Faculty Focus: Joan Bevelaqua

Joan Bevelaqua Brings Artistic Expression to UMUC

By Jule S. Epstein |   October 2010

Joan Bevelaqua , Faculty

School of Undergraduate Studies

Joan Bevelaqua is not only a respected and well-liked collegiate professor of art at UMUC, she is also an accomplished artist who has widely exhibited her work throughout Maryland, D.C., and Virginia for the past 15 years.  

An active member in her community, Joan has been a resident studio artist at the Howard County Center for the Arts in Maryland since 2002. She generously gives her time to organizing exhibits, fundraising, and advancing the Center. She resides on its Art Council as well, serving on the scholarship committee and chairing its silent auction committee.  Previously she served as art director for two private galleries in Maryland and has juried and appeared in group shows for the Baltimore Watercolor Society.

Joan’s watercolors and rich oil paintings draw inspiration from literature, personal stories and the experiences of others. Her experimentations with light and darkness and impressive mixing of colors speak not only of her talent but of the thought and emotional depth behind each work that she creates.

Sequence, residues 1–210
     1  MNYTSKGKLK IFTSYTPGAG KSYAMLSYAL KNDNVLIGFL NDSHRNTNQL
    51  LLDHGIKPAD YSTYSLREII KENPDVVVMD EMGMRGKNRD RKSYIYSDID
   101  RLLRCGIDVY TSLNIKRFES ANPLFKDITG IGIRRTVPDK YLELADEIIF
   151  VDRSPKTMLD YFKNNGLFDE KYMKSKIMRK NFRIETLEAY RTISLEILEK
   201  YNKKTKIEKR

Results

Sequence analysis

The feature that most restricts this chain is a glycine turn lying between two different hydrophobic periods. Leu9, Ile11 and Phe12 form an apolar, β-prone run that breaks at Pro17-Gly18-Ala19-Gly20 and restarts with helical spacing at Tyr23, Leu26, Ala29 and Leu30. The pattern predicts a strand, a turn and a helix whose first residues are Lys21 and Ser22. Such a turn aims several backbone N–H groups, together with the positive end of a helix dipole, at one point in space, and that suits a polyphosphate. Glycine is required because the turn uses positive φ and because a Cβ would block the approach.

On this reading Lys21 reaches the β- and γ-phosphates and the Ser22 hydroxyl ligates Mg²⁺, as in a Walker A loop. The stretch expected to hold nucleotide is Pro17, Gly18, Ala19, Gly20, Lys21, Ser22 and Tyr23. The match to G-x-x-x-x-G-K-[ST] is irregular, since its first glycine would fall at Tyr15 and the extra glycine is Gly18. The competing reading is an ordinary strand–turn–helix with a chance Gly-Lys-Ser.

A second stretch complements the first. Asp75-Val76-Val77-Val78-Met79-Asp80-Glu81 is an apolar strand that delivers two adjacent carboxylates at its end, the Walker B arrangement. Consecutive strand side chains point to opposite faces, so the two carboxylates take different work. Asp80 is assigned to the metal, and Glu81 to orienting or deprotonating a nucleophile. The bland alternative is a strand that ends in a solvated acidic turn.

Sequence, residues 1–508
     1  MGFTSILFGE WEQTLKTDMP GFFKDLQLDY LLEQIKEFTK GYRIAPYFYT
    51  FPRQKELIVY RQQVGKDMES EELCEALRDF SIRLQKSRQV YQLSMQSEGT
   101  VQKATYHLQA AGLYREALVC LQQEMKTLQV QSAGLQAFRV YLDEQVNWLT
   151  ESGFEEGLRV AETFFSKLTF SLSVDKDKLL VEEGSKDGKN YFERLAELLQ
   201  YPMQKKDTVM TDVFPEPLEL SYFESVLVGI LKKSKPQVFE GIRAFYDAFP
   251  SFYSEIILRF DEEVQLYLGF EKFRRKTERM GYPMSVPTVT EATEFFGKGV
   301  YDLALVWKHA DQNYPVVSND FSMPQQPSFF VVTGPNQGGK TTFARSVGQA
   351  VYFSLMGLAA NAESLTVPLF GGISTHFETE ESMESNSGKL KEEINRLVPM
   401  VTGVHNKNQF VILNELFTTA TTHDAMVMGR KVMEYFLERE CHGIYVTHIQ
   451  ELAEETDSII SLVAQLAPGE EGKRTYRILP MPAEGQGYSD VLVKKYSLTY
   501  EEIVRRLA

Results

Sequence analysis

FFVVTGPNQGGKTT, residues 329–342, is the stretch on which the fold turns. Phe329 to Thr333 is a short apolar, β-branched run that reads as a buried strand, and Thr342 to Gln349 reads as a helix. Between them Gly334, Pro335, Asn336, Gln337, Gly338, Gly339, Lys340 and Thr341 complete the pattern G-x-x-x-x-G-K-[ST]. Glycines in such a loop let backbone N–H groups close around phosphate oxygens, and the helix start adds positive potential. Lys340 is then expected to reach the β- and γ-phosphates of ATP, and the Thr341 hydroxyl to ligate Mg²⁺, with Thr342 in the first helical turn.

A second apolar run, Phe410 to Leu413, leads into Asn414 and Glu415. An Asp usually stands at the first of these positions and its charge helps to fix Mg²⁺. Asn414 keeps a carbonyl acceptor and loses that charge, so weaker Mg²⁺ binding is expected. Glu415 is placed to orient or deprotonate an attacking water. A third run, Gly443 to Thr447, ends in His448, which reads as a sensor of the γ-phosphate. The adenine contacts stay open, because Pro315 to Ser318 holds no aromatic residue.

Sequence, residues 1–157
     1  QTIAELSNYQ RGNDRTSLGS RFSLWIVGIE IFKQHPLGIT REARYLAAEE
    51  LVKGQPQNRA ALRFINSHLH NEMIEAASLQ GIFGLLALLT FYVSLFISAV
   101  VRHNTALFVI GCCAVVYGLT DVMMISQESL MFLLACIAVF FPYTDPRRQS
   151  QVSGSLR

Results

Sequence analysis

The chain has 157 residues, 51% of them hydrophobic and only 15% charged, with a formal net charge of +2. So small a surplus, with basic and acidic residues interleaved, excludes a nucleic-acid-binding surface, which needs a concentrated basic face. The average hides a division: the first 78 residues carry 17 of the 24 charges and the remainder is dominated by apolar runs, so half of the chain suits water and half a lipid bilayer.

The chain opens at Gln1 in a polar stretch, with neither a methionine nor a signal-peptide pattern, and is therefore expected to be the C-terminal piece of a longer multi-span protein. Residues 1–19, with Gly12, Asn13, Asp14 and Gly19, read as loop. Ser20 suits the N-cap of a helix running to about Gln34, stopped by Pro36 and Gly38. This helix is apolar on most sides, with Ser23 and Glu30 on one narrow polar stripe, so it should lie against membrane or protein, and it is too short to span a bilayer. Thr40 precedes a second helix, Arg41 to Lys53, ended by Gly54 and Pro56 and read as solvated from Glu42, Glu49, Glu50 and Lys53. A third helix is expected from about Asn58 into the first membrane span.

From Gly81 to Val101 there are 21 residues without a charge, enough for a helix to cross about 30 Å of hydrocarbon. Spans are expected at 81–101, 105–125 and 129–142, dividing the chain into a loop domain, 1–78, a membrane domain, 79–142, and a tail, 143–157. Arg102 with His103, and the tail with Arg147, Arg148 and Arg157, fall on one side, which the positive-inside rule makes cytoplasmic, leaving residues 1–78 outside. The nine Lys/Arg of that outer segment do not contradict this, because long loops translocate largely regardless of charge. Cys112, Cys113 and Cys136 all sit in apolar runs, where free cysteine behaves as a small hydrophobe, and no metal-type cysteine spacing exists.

Her dedication to UMUC, its programs, and the artistic and professional advancement of its students is evident as well. Joan has frequently shared ideas for incorporating real-life employment relevance to the curriculum. Additionally, she helped initiate the annual Faculty & Staff Art show, which recently invited artists from area community colleges to present their work alongside the established and emerging artists at UMUC. 

She extends her artistic energy to the classroom as well, finding innovative ways to encourage students of all skill levels to grow as artists. “I love my students at UMUC,” commented Joan. “Why? They love to learn. Maybe because they are working adults, but I am not sure that is the whole reason. I believe they are students who deeply care about the degrees they are working towards. They are students, people, who are very much in the moment, aware of what they are doing, and how it is impacting their lives.”

Her interest in her students’ success is perhaps fueled by her own desire to challenge herself and continue experimenting. After honing her skill in watercolor, the artist has begun to work more with oils. “For me, I have swung from the still life, to interiors, to paintings of clothes,” says Joan. “The still life paintings—usually painted in watercolors—are of old things, antiques and such, I love textures and interesting shapes and color.”

In late 2007, Joan participated in a one-person art exhibit at Carroll Community College entitled “Black Dresses and Other Paintings”. You can learn more and see Joan’s work at www.JoanBevelaqua.com